Many people had never heard of Madidi National Park or the town of Rurrenbaque until they turned up at #3 on the New York Times list of 52 Places to Go in 2020. Use our hot new Amazon adventure travel guide, including when to visit the Amazon, how to pick a tour operator, how to get to Madidi National Park, what to expect in the jungle, and much more, so you can plan your own Madidi National Park trip.
The Amazon Basin sprawls across eight South American countries including Brazil, Ecuador (don’t miss our series of posts covering Amazon Travel in Ecuador) Guyana, Colombia, Suriname, Peru, Venezuela, and Bolivia. In Bolivia, Madidi National Park, which was created in 1995, protects 7,319 square miles (18,958 square km) of land including Andean mountains, rivers, dry forest, and jungle rainforest. This makes Madidi National Park one of the largest and most biodiverse protected areas on earth.
Our Madidi National Park Amazon adventure
Quirky Rurrenbaque (which everyone calls Rurre), is a small, pleasant, end-of-the-line town on the Beni River which serves as the gateway to Madidi National Park. Rurre is the kind of town where you might see a girl walking down the sidewalk with a tamarin monkey on her shoulder. We did.
From Rurre, we took a 3-hour ride on the Beni River in a motorboat with a plastic roof, padded seats, and a plastic cover for luggage which came in handy during the one-hour downpour we went through on our way to Madidi Jungle Ecolodge inside Madidi National Park.
Not far from Rurre, our boat stopped at the riverside park ranger station where we had to show our entry tickets (200 BOB per person or about US$28), then we motored on to the lodge seeing roadside hawks, a wood stork, a black hawk, and white-winged swallows along the way.
We arrived in time for a late lunch of excellent chicken curry and barley salad, then we checked out the riverside lodge. Madidi Jungle Ecolodge has six rooms that share a bathroom and four multi-bed cabins with private bathrooms. There is no Wi-Fi or cell service at the lodge and a generator provides electricity in the dining room only between 6 pm and 10 pm. There’s a power strip in the dining room for charging batteries, but bring flashlights with you to provide light along pathways and in your room. Juice, tea, coffee, hot chocolate, and water are included in the rates, but bring any other beverages you might want with you from Rurre.
Cabin #1 was our room. It was super clean, had a modern bathroom with a cold water shower (you’re not going to want hot water in this heat anyway), good towels, a double bed and two single beds with good nets over them, and great screens on the windows.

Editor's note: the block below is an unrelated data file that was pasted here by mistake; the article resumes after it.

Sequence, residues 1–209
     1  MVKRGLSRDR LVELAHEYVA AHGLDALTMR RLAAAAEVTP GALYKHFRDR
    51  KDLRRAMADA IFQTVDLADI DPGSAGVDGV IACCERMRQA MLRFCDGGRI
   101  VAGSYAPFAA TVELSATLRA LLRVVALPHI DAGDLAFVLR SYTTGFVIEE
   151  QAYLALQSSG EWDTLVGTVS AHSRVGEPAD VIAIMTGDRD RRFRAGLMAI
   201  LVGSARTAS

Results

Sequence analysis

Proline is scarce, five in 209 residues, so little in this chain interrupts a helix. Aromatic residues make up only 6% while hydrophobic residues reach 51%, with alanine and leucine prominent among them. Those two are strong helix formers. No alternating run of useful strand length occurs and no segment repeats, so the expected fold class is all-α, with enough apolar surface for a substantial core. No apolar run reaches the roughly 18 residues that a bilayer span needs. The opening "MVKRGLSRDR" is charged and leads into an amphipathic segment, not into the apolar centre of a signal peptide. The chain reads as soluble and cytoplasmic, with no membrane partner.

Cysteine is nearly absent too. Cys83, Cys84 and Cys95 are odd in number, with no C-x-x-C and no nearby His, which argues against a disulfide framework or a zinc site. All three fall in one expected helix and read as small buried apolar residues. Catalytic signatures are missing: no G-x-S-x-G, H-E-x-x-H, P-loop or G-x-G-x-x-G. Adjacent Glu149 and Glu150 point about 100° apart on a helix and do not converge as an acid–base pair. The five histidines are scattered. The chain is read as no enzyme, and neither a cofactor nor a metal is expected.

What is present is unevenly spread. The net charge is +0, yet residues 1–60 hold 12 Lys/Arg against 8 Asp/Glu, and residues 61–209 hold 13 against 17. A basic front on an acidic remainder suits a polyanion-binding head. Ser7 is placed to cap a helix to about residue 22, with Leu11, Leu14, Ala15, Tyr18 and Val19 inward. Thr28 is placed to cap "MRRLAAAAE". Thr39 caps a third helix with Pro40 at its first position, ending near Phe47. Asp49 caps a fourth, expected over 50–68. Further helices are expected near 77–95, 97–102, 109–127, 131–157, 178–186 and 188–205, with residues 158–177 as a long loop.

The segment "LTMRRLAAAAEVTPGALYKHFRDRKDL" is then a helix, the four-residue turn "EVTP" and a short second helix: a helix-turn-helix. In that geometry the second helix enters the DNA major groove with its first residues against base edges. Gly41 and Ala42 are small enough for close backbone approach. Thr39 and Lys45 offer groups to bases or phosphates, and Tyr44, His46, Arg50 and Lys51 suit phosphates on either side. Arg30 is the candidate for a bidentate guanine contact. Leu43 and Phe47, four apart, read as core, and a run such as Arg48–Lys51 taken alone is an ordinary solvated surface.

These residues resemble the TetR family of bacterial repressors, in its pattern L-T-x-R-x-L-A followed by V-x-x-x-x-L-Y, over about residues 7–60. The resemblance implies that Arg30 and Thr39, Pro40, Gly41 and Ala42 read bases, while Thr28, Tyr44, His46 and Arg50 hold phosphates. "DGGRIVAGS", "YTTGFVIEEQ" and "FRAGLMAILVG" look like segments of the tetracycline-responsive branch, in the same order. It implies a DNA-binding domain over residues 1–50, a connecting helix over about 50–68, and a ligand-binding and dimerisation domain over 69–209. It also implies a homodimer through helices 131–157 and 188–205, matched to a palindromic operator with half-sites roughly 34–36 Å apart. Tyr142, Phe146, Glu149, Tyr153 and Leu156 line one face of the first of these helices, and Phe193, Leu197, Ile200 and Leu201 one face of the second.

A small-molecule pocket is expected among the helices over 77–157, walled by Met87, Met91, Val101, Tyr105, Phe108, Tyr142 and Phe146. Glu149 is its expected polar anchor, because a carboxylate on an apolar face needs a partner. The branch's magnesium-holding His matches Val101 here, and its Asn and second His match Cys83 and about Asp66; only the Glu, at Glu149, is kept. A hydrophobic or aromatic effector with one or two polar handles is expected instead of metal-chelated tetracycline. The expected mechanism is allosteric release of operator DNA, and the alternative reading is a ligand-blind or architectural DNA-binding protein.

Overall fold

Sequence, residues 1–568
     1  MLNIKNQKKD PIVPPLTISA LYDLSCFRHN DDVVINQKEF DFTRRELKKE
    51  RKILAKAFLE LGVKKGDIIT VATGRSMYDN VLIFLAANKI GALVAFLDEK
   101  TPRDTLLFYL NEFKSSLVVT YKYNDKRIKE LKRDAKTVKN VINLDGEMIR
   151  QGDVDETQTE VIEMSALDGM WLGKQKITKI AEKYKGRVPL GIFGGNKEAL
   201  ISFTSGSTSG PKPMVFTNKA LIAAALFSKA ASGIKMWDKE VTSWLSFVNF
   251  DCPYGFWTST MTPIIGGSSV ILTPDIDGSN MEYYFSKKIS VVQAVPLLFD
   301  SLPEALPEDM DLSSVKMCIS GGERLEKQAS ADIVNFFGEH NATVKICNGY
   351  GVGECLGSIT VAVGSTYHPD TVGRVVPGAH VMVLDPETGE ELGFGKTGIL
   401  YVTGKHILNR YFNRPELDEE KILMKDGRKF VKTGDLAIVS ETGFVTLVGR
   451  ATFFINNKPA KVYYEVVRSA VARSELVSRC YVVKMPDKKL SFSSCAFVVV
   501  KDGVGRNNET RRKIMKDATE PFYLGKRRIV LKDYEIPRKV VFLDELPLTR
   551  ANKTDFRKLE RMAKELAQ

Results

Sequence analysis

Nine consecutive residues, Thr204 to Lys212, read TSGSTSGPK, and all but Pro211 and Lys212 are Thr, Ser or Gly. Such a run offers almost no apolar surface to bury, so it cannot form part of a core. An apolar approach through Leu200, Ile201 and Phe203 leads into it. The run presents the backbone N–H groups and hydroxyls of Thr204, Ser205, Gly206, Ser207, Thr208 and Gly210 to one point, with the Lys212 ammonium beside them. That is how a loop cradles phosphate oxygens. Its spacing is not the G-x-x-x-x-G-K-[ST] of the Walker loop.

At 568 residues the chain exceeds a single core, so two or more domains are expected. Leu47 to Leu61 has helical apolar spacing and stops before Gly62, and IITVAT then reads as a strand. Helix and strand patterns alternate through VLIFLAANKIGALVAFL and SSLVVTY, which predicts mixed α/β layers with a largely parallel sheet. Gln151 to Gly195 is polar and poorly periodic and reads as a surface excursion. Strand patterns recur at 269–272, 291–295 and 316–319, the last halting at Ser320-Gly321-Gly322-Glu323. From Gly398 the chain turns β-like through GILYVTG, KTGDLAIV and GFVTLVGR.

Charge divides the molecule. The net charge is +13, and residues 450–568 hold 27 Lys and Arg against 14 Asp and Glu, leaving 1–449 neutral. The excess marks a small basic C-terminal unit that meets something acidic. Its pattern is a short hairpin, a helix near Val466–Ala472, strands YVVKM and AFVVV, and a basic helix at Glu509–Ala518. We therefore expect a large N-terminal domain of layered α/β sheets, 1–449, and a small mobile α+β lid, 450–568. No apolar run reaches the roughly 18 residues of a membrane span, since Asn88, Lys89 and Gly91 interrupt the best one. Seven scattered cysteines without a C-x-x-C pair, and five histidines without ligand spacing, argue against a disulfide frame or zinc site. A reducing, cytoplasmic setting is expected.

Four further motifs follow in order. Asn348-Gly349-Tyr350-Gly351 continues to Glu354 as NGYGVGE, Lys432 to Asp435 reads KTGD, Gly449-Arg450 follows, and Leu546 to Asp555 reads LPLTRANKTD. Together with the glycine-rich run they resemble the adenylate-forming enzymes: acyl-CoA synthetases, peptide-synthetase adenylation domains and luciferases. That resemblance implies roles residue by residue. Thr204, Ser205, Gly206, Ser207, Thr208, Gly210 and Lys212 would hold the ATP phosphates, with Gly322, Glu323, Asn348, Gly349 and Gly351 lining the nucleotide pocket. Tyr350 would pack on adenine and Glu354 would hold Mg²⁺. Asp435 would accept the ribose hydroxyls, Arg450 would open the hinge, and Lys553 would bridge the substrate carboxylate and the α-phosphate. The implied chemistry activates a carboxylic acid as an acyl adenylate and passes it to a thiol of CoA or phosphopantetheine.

We also appreciated the fact that the palm leaf roof structure had a true ceiling inside. This means the palm leaf exterior roof can ventilate and keep things cooler while the true ceiling keeps the crud and critters in the palm roof out of the room. Our porch also had two hammocks strung up on it, but there was no time for hammocks. Our guide had a hike in store for us.
Alejandro Limaco was born near the lodge and has been guiding in the Amazon since the early ‘90s. He’s been with Madidi Jungle Ecolodge since it opened in 2011. He got educated, saw that tourism was generating jobs, and learned to speak English. For us, he was the perfect combination of jungle skill and authentic local knowledge plus the ability to share it with us.
On that first walk with Alejandro, we saw tapir tracks, red-and-green macaws, a black-faced antbird, a dove nest with eggs in it, a jacamar, blue-throated piping guans, and a toucanet. The jungle itself was very green and dense and recent rain made everything seem clean and fresh. After a post-hike/pre-dinner cold shower (we were taking two showers a day in the jungle heat) it was time for dinner featuring catfish cooked in heliconia leaves, white rice, vegetables, and wonderfully light and tender yucca.
The next day, after a full breakfast of eggs, bread, instant coffee, fruit, and orange juice, we embarked on a 4-hour hike with Alejandro which took us to an 80-100 foot (25-30 meter) tall Almendria tree. The tree, which is hundreds of years old, was impressive enough, but it was also home to a macaw nest and that’s what Alejandro wanted us to see.
Alejandro soon found the nest and we saw one of the adult macaws inside. We also saw nesting aracaris and some woodpeckers in the same massive tree. We looked up into the tree’s branches and along her trunk until our necks hurt.
Then Alejandro joined up a series of trails (all given names in the Takana language) to make a circuit back to the lodge. Along the way, we saw black-mantled tamarins, a manakin, capuchin monkeys, brocket deer prints, more macaws, more aracaris, and we heard howler monkeys (but we never saw them).
Our well-earned lunch was waiting for us back at the lodge: meat and vegetable shish kabobs with black-eyed pea salad and avocado salad. After a brief rest to wait out the hottest part of the day, we headed out for a 2.5-hour late afternoon hike around a loop trail that took us past more massive trees.